Washington, Jan. 28 (BNA): Fighting extremism and promoting peaceful coexistence are integral components of a dedicated Bahraini approach led by His Majesty King Hamad bin Isa Al Khalifa, with the support of the government headed by His Royal Highness Prince Salman bin Hamad Al Khalifa, Crown Prince and Prime Minister, Bahrain's Ambassador to the US has said.
Shaikh Abdullah bin Rashid Al Khalifa also expressed pride in following the footsteps of His Highness Shaikh Nasser bin Hamad Al Khalifa, HM the King's Representative for Humanitarian Works and Youth Affairs, who has stressed the Kingdom's commitment to peaceful co-existence.
The ambassador recalled how HH Shaikh Nasser while attending the launch of the Kingdom of Bahrain Declaration in September 2017 emphasized HM the King's initiative to promote peace between nations and coexistence among peoples of diverse backgrounds and beliefs and Bahrain's focus on promoting this vision by creating an environment conducive to peace.
Shaikh Abdullah was speaking following the signing of an agreement between Bahrain and Drug Abuse Resistance Education (D.A.R.E.) to develop the "Ma'an" (Together) program to combat violence and addiction and to update the curricula.
Shaikh Abdullah, upon assignment from Interior Minister Shaikh Rashid bin Abdullah Al Khalifa, and D.A.R.E. America President and Chief Executive Officer Frank Pegueros signed the agreement related to the new curriculum that includes information and skills on peaceful coexistence and combating extremism and currently carried out through the "Ma'an" program in schools across the Kingdom.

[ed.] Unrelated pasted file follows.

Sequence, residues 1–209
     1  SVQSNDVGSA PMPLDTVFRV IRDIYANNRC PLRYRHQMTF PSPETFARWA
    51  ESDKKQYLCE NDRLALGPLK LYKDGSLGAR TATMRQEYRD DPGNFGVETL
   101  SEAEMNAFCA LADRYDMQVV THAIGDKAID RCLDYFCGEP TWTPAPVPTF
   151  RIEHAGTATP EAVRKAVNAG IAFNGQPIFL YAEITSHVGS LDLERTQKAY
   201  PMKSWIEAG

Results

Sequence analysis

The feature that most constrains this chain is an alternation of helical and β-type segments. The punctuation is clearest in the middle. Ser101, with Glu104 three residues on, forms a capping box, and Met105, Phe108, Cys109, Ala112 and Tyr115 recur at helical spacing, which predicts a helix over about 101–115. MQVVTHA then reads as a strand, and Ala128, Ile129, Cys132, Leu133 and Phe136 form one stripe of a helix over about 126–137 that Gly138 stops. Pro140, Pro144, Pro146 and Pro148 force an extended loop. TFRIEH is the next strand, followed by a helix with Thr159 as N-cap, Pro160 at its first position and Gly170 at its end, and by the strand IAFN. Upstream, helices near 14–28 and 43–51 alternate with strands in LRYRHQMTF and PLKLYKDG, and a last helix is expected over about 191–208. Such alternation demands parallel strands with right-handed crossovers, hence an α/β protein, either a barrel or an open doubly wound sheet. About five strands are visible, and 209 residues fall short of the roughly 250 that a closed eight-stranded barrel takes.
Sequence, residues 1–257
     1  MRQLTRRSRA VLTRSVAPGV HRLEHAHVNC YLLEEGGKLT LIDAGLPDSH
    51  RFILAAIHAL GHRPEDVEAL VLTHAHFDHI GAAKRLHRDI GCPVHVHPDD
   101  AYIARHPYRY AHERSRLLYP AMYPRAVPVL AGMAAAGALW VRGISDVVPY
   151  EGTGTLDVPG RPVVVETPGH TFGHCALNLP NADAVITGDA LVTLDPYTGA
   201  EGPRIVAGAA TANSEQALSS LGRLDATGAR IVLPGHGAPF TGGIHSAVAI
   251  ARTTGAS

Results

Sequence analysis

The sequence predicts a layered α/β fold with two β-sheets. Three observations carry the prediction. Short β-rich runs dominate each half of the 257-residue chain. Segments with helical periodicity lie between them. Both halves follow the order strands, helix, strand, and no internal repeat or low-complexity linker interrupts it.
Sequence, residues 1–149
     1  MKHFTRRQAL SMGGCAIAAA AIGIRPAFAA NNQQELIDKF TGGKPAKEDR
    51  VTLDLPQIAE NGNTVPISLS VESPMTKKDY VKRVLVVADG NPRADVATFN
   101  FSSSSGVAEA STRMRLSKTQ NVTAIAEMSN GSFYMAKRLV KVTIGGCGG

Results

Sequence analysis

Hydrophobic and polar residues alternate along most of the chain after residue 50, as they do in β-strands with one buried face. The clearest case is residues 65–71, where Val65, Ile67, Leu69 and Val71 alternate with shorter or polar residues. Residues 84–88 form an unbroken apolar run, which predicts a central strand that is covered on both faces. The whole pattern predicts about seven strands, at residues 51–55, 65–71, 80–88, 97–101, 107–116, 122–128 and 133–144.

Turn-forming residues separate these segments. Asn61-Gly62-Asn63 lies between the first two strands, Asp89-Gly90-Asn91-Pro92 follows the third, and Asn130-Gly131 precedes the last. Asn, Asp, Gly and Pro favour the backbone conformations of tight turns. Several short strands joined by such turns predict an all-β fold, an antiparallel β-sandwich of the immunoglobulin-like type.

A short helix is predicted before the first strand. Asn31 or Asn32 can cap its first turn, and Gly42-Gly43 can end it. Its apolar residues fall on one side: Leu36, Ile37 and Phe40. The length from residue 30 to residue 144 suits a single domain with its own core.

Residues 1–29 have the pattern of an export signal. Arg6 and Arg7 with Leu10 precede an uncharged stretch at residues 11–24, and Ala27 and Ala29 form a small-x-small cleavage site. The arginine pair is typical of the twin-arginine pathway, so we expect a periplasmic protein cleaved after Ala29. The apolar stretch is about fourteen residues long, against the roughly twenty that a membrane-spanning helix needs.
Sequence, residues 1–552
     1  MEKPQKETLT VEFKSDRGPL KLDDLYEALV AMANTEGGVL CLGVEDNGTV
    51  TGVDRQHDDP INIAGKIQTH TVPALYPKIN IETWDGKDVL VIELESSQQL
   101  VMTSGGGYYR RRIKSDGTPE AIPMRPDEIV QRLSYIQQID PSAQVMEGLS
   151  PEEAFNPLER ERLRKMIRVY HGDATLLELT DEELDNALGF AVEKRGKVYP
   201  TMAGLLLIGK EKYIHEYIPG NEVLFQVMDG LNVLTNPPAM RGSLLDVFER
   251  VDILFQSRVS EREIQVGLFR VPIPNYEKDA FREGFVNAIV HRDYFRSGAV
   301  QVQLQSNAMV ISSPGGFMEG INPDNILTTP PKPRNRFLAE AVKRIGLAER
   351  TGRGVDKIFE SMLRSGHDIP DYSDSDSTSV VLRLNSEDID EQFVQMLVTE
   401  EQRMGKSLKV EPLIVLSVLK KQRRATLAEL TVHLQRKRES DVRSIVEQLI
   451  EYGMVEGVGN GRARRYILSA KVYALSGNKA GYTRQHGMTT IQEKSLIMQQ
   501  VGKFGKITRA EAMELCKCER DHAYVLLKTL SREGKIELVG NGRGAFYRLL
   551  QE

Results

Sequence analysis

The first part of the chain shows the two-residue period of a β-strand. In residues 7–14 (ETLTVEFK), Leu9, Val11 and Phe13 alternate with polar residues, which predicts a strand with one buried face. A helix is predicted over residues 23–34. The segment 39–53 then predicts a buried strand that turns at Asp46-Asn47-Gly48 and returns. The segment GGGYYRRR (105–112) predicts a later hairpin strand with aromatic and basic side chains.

Bahrain has been long devoted to reinforcing such principles to promote peace and prosperity through tolerance and coexistence, in line with HM King Hamad's pledge, “We will always work to promote the values of moderation, tolerance and coexistence, in word and deed, in the face of extremism and fanaticism," Shaikh Abdullah said.
The direct confrontation with extremism and intolerance and the commitment to eliminating them are the main goal of the national program "Ma'an" launched by Shaikh Rashid in 2011, based on the awareness and education approach to combat violence and addiction and as an indication of the role of the police in strengthening community partnership and service, Shaikh Abdullah added.
The ambassador hailed the numerous successes achieved by the program as it marks its tenth year.
The program contributes to strengthening the relationship between the police and the community and reflects the Interior Minister's keenness that the police be an integral component of society, and not isolated from it, he said.
Shaikh Abdullah said he was particularly proud that over the ten years since its inception, the "Ma'an" program, the relationship between youth and law enforcement agencies has strengthened and instilled the values of national identity that focus on resorting to tolerance in resolving issues instead of violence.
Successes should not lead to complacency and the program should be regularly reviewed, assessed and improved through analyzing and evaluating its significance and effects in order to fine-tune the curricula and carry out best practices, he said.
Shaikh Abdullah pointed out that Bahrain has a solid relationship with D.A.R.E. based on mutual respect and that the Kingdom assumes its international role regarding the program with diligence and seriousness, which consolidates its leadership in combating extremism.
The signing of the agreement is not a mere formal or ceremonial action, but rather a milestone on the way forward to strengthening minds and promoting peace and another confirmation of the strong relations between Bahrain and the US, he added.
The "Ma'an" experts have prepared new lessons aimed at promoting the concepts of social peace, coexistence and mutual acceptance and at strengthening ways to prevent extremism of all kinds and empowering young people with the skills and aptitudes that protect people from extremism and its negative consequences in the social, security and economic areas.
Specialists at the University of North Carolina at Greensboro (UNCG) have been contacted regarding developing the curriculum and ways to measure the impact of new lessons on students as well as their effectiveness on adolescents.